Ex-NFL star, actor Alex Karras dies, 77
Alex Karras starred in the 1980s TV show "Webster" after playing 12 years with the Detroit Lions.
October 10th, 2012
10:15 AM ET

Ex-NFL star, actor Alex Karras dies, 77

[Updated at 11:32 a.m. ET] Alex Karras, the former Detroit Lions defensive tackle turned actor in the ABC sitcom "Webster," died Wednesday in his Los Angeles home following a battle with kidney disease, heart disease, dementia and stomach cancer, according to a family spokesman.

He was 77.

Karras, a Gary, Indiana native, was an All-American at the University of Iowa before becoming a  four-time Pro Bowl selection in the NFL, playing for the Detroit Lions from 1958 to 1970. He went on to star in the 1980s' sitcom “Webster” - he played George Papadapolis, the guardian of the newly orphaned Webster, played by actor Emmanuel Lewis - and also played the horse-punching Mongo in the 1974 movie “Blazing Saddles."

In April, he joined hundreds of  former NFL players suing the league over concussion-related injuries, serving as lead plaintiff for what was then the 12th concussion-related complaint filed against the NFL by the Locks Law Firm in Philadelphia.

Karras “sustained repetitive traumatic impacts to his head and/or concussions on multiple occasions” during his NFL career, and “suffers from various neurological conditions and symptoms related to the multiple head traumas,” the lawsuit said.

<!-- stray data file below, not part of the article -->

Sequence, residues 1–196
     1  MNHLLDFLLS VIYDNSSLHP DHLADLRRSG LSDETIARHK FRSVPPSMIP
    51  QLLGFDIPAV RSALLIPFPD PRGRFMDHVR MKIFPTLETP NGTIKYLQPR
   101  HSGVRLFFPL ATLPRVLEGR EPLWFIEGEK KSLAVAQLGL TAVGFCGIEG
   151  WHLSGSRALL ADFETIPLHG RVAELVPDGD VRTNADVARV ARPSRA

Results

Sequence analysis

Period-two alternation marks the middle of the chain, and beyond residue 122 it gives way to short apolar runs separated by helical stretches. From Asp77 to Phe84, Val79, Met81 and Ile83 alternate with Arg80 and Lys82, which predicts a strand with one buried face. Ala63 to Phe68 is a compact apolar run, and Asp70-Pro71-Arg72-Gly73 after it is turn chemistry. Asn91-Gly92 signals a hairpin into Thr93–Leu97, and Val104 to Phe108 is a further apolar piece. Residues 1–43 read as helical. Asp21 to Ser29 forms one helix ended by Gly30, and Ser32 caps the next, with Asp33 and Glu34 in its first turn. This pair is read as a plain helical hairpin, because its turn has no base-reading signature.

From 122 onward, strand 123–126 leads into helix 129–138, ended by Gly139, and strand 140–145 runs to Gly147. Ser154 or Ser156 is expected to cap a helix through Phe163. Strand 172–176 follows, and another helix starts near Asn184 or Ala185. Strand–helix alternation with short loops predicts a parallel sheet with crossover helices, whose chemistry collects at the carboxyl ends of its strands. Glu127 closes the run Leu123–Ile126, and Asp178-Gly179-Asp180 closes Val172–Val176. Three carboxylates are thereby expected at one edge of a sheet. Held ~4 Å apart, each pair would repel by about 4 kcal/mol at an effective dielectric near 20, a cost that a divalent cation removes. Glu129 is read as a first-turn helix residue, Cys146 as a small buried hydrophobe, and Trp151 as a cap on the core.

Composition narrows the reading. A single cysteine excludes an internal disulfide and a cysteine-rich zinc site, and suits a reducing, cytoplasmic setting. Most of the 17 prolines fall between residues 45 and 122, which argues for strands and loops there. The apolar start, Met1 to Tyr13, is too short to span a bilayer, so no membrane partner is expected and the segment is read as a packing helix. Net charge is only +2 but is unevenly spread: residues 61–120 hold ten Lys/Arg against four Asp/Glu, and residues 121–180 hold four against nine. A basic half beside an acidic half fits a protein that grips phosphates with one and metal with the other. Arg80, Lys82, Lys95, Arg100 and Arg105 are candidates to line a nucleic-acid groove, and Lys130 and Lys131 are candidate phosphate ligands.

His wife, "Webster” co-star Susan Clark, said in April that Karras suffered from dementia.

The more than 2,000 NFL players who are suing the league claim the NFL misled players concerning the risks associated with concussions. The NFL has repeatedly said that player safety is a priority and that any allegation that the NFL intentionally sought to mislead players has no merit.

According to his family, "Karras had always dreamed of being an actor," and got a boost when Lucille Ball "took him under her wing and allowed him to train in small parts."

Karras also co-wrote autobiographies called "Even Big Guys Cry" and "Alex Karras by Alex Karras."

"His love of nature and most especially of the ocean, where he spent many happy days on his fishing boat, led him to support numerous organizations committed to protecting our environment for future generations," his family said.

Memorial services are being planned and will be announced soon, his family said.

September 6, 2012: Football players more likely to develop neurodegenerative disease, study finds

soundoff (208 Responses)
  1. Tony

    Will Fr. Karras perform the funeral mass?

    October 10, 2012 at 11:02 am | Report abuse |
  2. Jack

    Mongo only pawn in game of life.

    October 10, 2012 at 11:02 am | Report abuse |
    • Jerome Horowitz

      Maybe he go where choo-choo go.......

      October 10, 2012 at 11:11 am | Report abuse |
  3. Symour

    As a player.... Karras was a MONSTER...!

    October 10, 2012 at 11:03 am | Report abuse |
  4. Steve S


    October 10, 2012 at 11:03 am | Report abuse |
  5. Tendofreak

    yeap...truly a mans-man. He was a great football player from the "old days" and a funny actor. Truly will be missed.

    October 10, 2012 at 11:05 am | Report abuse |
  6. Akitus

    Dont forget about Porky's, hilarious movie where he played the sheriff and porkys brother

    October 10, 2012 at 11:07 am | Report abuse |
    • Jerome Horowitz

      I think he also appeared on the "Odd Couple" TV show

      October 10, 2012 at 11:11 am | Report abuse |
  7. Kurt S

    Great Iowa Hawkeye. Great Detroit Lion. Great Mongo. The Hawkeye family will miss you.

    October 10, 2012 at 11:07 am | Report abuse |
  8. Hadenuffyet

    RIP Alex...Liked him , but you got to know that repeatedly bashing your head is not conducive to well being.

    October 10, 2012 at 11:07 am | Report abuse |
    • bibleverse1